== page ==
Reuters and Its Highly Biased Ethiopian
By: Sammy G.
April 26, 2005
Tsegaye Tadesse's April 22, 2005 article on Reuters entitled: "Ethiopia
says kills 32 Eritrea-trained raiders" is yet another irrefutable proof
of Reuter's anti-Eritrea bias.
What type of a self-respecting media source would choose such a clearly slanted subject line for a news topic? This topic was no mishap and was done with a malice intent.
Tsegaye Tadesse has always behaved like an Ethiopian reporter with unfettered access to Reuter's media apparatus, instead of a Reuters freelancer of Ethiopian origin. And for all intents and purposes, he has also distinguished himself as the official mouse piece of ENA, Weyane's News Agency, for his copy-and-paste journalism.
Just today, he flat-out reported verbatim Weyane's unsubstantiated account on the clashes between the Weyane army and ONLF fighters. He never bothered to include ONLF's response and, as usual, severely downplayed reactions from Eritrea.
Tsegaye never fails to include his false characterization of the Ethiopia-Eritrea dispute in his reports. He tries to shove down our throat a mellowed version of Ethiopia's intransigent attitude towards peace proposals. In fact, he is extremely careful when writing anything that remotely portrays Ethiopia as the rejecting party. He'd always sugar-coat things as he did today saying: "Ethiopia has only accepted the ruling in principle."
It's amazing also how Tsegaye never fails to spring up just in time to conceal Weyane's real image. And his psychological warfare and playing damage-control on Weyane while maximizing his anti-Eritrea attacks is alarming, to say the least.
For example, he knows well that, statistically, up to 60% of readers who visit news sites do not in fact read or finish the contents of news items. Thus, he always manages to condense the entire news into the subject line. That way, he guarantees that the gist of the story is well-absorbed even by today's "sound-byte" generation. Hence, when simply reading his outrageous and biased subject line (which Reuters didn't bother to edit) one can glean that:
A) There was a clash between the Weyane army and the "raiders" They are "raiders" and not ONLF fighters. He'd not acknowledge that they are in fact freedom fighters from the Ogaden region.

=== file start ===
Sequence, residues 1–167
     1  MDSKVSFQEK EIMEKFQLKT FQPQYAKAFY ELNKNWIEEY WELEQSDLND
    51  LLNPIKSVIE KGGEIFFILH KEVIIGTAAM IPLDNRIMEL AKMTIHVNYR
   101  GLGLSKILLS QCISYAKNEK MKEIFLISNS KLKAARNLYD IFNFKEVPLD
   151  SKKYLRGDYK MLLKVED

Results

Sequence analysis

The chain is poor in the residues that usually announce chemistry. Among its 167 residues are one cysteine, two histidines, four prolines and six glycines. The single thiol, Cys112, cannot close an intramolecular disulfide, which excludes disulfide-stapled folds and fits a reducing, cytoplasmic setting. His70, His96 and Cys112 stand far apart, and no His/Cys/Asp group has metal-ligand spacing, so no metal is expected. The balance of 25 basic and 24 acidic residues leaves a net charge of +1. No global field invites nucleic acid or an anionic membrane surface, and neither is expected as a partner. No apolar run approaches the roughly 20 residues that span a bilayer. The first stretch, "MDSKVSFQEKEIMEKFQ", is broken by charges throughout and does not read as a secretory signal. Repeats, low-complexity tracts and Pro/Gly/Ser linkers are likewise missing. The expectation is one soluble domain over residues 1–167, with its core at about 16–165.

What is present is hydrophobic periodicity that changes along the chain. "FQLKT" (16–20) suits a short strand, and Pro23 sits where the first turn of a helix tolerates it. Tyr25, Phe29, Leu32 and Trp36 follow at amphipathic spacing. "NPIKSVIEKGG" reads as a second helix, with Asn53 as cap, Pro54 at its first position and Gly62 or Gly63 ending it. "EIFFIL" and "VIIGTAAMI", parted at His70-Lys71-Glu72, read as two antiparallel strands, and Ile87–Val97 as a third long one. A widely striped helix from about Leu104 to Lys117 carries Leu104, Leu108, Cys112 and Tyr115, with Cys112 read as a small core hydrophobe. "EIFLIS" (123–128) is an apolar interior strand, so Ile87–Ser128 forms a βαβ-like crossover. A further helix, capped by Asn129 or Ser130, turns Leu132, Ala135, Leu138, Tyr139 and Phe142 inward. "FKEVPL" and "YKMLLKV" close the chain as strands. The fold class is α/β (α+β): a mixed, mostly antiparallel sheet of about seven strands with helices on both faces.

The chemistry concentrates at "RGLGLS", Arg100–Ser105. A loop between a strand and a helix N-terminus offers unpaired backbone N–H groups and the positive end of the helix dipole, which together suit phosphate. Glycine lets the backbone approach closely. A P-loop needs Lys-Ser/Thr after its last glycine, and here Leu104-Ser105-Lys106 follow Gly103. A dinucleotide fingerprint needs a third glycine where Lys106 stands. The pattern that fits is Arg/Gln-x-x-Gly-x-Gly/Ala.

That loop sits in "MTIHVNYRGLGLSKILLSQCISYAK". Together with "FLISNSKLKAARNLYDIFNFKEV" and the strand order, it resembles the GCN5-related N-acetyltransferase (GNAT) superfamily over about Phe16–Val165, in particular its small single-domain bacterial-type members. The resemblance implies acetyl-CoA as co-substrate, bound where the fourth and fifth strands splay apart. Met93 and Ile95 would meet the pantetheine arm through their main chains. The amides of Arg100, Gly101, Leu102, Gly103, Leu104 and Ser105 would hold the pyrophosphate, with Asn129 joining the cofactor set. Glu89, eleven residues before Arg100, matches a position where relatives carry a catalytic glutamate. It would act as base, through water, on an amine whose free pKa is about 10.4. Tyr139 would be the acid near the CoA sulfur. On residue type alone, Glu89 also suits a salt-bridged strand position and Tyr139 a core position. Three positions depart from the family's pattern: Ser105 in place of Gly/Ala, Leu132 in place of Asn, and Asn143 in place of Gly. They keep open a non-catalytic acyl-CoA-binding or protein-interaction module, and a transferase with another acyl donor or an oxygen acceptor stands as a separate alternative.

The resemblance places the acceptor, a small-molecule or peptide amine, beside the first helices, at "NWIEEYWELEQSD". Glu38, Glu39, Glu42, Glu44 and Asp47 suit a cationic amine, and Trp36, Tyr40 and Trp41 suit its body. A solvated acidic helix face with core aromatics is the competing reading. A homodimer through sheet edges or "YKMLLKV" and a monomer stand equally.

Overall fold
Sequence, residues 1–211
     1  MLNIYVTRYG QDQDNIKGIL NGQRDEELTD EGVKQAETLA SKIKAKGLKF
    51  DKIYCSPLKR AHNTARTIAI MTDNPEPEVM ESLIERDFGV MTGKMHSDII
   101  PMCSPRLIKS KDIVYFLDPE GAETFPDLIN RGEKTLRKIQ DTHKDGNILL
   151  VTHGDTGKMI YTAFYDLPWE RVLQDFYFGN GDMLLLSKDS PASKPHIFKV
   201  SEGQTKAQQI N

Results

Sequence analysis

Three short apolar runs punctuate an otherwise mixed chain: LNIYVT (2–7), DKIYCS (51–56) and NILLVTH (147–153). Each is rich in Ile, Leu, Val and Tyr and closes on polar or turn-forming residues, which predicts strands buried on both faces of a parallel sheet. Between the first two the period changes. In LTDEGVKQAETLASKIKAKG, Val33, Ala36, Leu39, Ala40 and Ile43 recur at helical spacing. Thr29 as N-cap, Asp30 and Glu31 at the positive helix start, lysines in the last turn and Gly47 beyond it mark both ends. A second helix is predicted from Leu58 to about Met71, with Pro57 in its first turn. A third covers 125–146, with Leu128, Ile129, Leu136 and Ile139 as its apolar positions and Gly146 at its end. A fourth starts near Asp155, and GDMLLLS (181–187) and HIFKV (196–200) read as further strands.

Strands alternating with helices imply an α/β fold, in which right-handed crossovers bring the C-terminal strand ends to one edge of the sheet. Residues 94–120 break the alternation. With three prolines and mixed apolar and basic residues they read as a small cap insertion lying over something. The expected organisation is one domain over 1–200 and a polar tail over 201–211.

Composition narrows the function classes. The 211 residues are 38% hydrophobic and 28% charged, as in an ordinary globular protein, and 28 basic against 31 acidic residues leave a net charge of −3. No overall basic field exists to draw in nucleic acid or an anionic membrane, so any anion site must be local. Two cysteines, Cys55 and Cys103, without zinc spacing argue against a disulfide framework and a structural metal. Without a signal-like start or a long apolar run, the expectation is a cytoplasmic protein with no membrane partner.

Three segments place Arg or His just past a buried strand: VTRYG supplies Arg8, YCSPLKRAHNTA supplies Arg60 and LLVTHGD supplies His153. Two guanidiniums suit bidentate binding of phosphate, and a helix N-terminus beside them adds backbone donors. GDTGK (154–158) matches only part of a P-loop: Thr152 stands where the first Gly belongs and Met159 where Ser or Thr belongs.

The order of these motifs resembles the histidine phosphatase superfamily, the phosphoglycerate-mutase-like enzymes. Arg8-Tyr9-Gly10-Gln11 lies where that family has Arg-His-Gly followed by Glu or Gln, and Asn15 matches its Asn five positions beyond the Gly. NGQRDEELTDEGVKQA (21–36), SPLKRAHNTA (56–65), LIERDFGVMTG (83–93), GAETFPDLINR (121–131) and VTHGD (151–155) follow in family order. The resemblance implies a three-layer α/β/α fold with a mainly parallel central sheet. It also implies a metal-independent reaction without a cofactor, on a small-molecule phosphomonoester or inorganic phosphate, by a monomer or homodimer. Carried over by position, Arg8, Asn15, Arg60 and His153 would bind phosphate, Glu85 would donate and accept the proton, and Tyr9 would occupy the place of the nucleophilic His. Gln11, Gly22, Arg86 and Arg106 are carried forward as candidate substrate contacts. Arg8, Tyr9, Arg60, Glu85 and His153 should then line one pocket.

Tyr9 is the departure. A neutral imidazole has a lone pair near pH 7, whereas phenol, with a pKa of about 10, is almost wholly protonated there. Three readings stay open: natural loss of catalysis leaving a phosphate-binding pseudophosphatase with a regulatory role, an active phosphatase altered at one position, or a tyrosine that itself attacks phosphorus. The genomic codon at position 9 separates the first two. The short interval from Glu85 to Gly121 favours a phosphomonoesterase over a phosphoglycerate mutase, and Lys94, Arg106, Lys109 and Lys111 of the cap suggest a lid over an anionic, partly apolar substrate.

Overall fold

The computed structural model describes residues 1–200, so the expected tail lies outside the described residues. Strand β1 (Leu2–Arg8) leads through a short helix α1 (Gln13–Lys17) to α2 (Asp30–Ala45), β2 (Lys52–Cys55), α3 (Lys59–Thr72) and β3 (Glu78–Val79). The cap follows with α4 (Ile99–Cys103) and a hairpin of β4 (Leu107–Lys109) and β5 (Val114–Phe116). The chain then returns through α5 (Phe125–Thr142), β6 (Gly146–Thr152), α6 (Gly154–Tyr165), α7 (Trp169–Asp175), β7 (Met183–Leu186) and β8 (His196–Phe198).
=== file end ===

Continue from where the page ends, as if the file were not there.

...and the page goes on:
B) Ethiopia got "raided", not the other way around. This is despite the fact that Ethiopia has raided the Somali regions perhaps more than any other force did to any region in history.
C) 32 were killed Of course, unlike the Um Hajer incident which never received due media attention, there was no shred of evidence to substantiate the claim. Even Tsegaye, the Weyane stooge himself, admits it by saying: "[Weyane official] Jemil told Reuters over the telephone from Jijjiga." He does even have the temerity to put in quotes when regurgitating Weyane-supplied numbers like that.
D) The "raiders" trekked (originally from Eritrea) Again, he has not even a semblance of proof. This is just "Jemil" telling him so. But he's not going to care about facts or any of that journalistic decency or ethics nonsense. After all, this is a matter of doing his utmost part in "protecting Ethiopia's image", not about fairness in journalism. As long as it advances his mission of a "united Ethiopia"; and as long as he can slip such biased views past Reuters editors (with a wink and nod, of course), he'll continue to propagate his agenda of psycho-ops/warfare.
To add insult to injury, he included that Eritrea "sent those raiders" to "raise havoc to Ethiopia's May elections." Wow! Isn't that like saying USA sent Labor Union agents to disrupt Sweatshops in Mexico? No consideration for logic and sensibility, just parroting.
And can you imagine Reuters accepting Ed Harris' report about the four dead Weyane soldiers in Um Hajer? After all, it was worthwhile news that was later substantiated albeit conveniently brushed off by Western media. Nope, no chance for real news.
Of course, no one is really surprised by Tsegaye's unrestricted access to Reuters as he spews his anti-Eritrea venom. That is the plan. It is part of a well-orchestrated campaign by Western media and spearheaded by the BBC. It's anchored on a misguided belief that any news that might remotely agitate Melles' precarious standing must be controlled or curbed at all costs.
But this is as flawed a concept as the concept of a united Ethiopia itself.